This post was contributed by Great British Mag, a digital magazine that covers every facet of living and studying in the UK.
If you’re heading to the UK or have recently arrived, firstly welcome! And secondly let us give you a crash course on British culture, which can often be subtle, seem contradictory and will be different to what you are used to.
Brits love to apologise
Bumped into someone? Say sorry before walking away. Need to get someone's attention? Start your sentence with sorry. Need to squeeze past someone in a crowded room? You guessed it - say sorry as you move past.
Sorry is widely used to qualify a whole host of things and can quite frankly get very confusing, especially if you are left wondering why you are being apologised to. Just remember it’s just the British way of being polite and our need not to inconvenience others.
Brits are fussy about queuing
Brits are famous for their love of queuing and they take it very seriously. In the UK there is really no excuse for jumping to the front of the queue. Even if you are in a hurry you should not cut in front of others as this is seen as incredibly rude.
Talking about the weather is a national sport
Talking about the weather is practically the national sport in the UK. British weather can change in an instant and Brits like to say that one can experience four seasons in a day. Whether it’s hot or cold, raining lightly or chucking down hail, the weather is a source of endless entertainment and conversation.
Talking about the weather also plays into something we call “small talk” which is exchanging a polite, no-meaningful conversation with someone, and you guessed it the most popular topic is talking about the weather.
Brits love to drink tea
Whilst coffee is a popular hot drink in the UK. In our hearts we are a tea drinking nation and we down a whopping 36 billion cups of tea every year, so don’t be surprised to see people drinking gallons of it every day and getting endless offers of a “cuppa.”
Tea drinking is as much about enjoying the drink as it is about having a break, a good old “natter” – and it’s the perfect way of making friends and finding out the latest gossip.
British spelling is different to American spelling
If you didn’t already know British English is quite different to American English and the main difference is that British English keeps the spelling of words it has absorbed from other languages, mainly French and German. Whilst American spelling is mostly as the word sound when they are spoken, so the spelling is more phonetic.
And whilst we on the subject of how different the two types of English are be warned there are many words that don’t exist in British English that do in American English and a great many that mean something quite different, so be careful what you say!
Curry is the national dish
In Britain, curry is king, and Chicken Tikka Masala is the national dish! Thanks to the immigration of people from Pakistan, India, and Bangladesh you will be able to find delicious and authentic curries from South Asia. London has Brick Lane; Manchester has "Curry Road;" Birmingham has "the Balti Triangle."
You can also find food from most parts of the world in the UK thanks to how multicultural the country is so whether you are craving a curry from Pakistan, Sri Lank, Thailand or Japan you’ll be able to find one.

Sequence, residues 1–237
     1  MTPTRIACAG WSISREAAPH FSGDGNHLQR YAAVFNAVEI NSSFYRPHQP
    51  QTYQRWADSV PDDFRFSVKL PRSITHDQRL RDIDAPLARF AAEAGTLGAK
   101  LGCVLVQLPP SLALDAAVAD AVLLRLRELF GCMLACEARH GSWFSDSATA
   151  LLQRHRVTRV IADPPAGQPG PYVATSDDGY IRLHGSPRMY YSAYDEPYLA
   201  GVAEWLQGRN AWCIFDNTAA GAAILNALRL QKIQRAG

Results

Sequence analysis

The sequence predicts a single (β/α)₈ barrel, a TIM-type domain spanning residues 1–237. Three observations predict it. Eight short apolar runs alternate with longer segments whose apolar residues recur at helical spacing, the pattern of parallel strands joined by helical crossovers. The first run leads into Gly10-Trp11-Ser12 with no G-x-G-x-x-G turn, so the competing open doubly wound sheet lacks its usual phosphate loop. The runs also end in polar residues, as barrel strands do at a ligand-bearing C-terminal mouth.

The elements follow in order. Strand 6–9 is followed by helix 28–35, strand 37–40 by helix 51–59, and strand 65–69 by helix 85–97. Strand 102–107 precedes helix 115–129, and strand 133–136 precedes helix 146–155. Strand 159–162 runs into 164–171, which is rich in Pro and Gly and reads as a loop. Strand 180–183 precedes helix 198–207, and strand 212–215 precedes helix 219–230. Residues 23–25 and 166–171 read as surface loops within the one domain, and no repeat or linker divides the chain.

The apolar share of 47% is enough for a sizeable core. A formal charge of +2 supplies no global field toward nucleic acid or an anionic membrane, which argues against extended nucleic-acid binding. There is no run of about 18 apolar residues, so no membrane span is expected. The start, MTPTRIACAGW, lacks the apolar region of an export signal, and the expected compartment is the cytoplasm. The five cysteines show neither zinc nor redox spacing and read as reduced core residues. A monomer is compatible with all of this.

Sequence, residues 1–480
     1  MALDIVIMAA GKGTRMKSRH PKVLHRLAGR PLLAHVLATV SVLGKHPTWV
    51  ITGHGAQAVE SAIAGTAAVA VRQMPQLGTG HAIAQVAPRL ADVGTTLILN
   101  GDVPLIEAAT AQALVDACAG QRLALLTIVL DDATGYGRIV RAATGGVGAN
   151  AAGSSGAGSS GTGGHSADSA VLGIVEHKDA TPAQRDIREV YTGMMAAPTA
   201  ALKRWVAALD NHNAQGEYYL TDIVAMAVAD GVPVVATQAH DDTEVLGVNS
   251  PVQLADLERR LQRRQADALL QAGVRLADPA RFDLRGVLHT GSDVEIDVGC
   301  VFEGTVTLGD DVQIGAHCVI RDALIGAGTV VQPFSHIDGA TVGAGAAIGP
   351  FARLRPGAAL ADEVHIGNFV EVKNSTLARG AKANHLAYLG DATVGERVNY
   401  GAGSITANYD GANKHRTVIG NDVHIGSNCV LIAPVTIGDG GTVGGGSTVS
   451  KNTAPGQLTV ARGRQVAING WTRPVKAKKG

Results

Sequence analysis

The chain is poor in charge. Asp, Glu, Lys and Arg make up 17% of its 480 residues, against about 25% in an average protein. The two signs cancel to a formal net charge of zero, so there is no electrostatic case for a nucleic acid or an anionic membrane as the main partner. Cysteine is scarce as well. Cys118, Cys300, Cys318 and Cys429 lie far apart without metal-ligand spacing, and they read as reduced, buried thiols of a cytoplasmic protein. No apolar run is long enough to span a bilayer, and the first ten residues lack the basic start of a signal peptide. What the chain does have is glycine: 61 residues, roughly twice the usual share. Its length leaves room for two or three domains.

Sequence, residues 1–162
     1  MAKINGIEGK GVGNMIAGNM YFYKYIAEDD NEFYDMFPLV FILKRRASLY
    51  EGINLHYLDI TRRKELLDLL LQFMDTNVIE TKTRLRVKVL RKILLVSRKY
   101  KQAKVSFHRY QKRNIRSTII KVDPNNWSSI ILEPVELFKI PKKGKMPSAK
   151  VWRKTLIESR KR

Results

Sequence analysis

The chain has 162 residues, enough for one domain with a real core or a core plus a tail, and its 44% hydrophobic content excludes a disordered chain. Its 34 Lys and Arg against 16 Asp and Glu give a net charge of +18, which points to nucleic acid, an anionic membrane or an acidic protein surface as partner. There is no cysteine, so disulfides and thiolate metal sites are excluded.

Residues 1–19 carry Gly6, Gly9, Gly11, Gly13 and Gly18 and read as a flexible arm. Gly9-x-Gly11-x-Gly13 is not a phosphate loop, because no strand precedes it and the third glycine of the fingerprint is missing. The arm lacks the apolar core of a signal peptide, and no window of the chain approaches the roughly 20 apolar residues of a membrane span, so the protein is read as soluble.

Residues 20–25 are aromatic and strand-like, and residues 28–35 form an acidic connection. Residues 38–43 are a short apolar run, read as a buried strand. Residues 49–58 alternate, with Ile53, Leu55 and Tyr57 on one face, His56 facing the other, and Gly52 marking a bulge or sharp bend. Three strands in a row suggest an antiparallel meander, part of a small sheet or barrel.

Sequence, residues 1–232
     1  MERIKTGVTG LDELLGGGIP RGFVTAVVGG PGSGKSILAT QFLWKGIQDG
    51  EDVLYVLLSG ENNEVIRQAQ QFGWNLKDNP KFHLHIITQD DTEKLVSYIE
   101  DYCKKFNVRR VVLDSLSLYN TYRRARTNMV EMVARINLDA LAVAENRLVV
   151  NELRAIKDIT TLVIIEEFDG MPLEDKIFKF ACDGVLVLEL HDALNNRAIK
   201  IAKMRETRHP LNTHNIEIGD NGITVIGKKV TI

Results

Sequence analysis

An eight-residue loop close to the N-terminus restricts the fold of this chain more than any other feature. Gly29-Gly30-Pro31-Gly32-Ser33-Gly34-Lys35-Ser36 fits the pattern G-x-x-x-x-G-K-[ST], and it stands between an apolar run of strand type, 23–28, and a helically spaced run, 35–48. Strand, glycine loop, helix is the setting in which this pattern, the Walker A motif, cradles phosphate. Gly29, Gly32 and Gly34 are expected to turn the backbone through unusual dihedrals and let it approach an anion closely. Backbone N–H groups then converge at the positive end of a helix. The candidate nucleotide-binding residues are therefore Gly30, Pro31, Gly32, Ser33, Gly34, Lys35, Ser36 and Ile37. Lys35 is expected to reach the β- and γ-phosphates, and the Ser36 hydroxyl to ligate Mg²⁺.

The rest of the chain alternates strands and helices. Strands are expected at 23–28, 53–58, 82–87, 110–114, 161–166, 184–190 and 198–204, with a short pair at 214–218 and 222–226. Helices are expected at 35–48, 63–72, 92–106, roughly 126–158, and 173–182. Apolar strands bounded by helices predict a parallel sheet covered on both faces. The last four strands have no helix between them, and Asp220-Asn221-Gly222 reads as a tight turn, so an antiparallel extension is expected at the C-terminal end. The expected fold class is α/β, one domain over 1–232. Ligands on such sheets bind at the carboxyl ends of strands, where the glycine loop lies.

The UK is made up of four countries
It’s worth noting that the United Kingdom is made up of England, Wales, Scotland and Northern Ireland and that each part has a devolved government, slightly different laws and a distinct culture, accents and in the case of Wales a different language, which is Welsh and is spoken alongside English.
On the whole the rivalry between the different parts of the UK is well humoured and seen mostly in sporting rivalry, especially in rugby.
We don’t all speak like the Queen
In the UK we have over 50 accents which change noticeably every 25 miles – and very few of us sound like the Queen who speaks with a Received Pronunciation (also known as Queen's English).
The theory is that the Queen does not have an accent as she is from the UK and those that do have an accent come from elsewhere or have been influenced by an accent from elsewhere (which is somewhat controversial) – but does have some truth to it. For example, those who hail from Liverpool have an accent that is a melting pot of the Welsh, Irish and even Scandinavian accent because the city was a major seaport.
British humour is full of sarcasm and banter
British humour is world renowned for being well a bit odd, but at the same time we have successfully imported our brand of humour, think Mr Bean, Gavin and Tracy and Fawlty Towers.
Whilst it would be impossible for us to explain all the different types of British humour, safe to say you will come across a lot a dry, sarcastic humour that is subtle making it hard to know when someone is cracking a joke.
Also, there are are very few taboos and Brits love to poke fun at their politicians and people in the public eye, even the Royal Family.
The pub is like a second home
It would be an understatement to say Brits love to go to the pub. It is a place to socialise, eat, drink, watch sport and take part in the great British pursuit that is called the “pub quiz”.
Pubs are friendly places, so don’t worry if you don’t drink alcohol because you can always get a “soft drink” but remember the golden rule which is buy your round!
This is a central part of pub etiquette and means you will have your drinks bought for you by the people you go with, and in return you should NEVER leave the pub until you have bought them a drink.
If you are an international student, then you’ll want the UK Survival Service. It will help you from pre-arrival to graduation.
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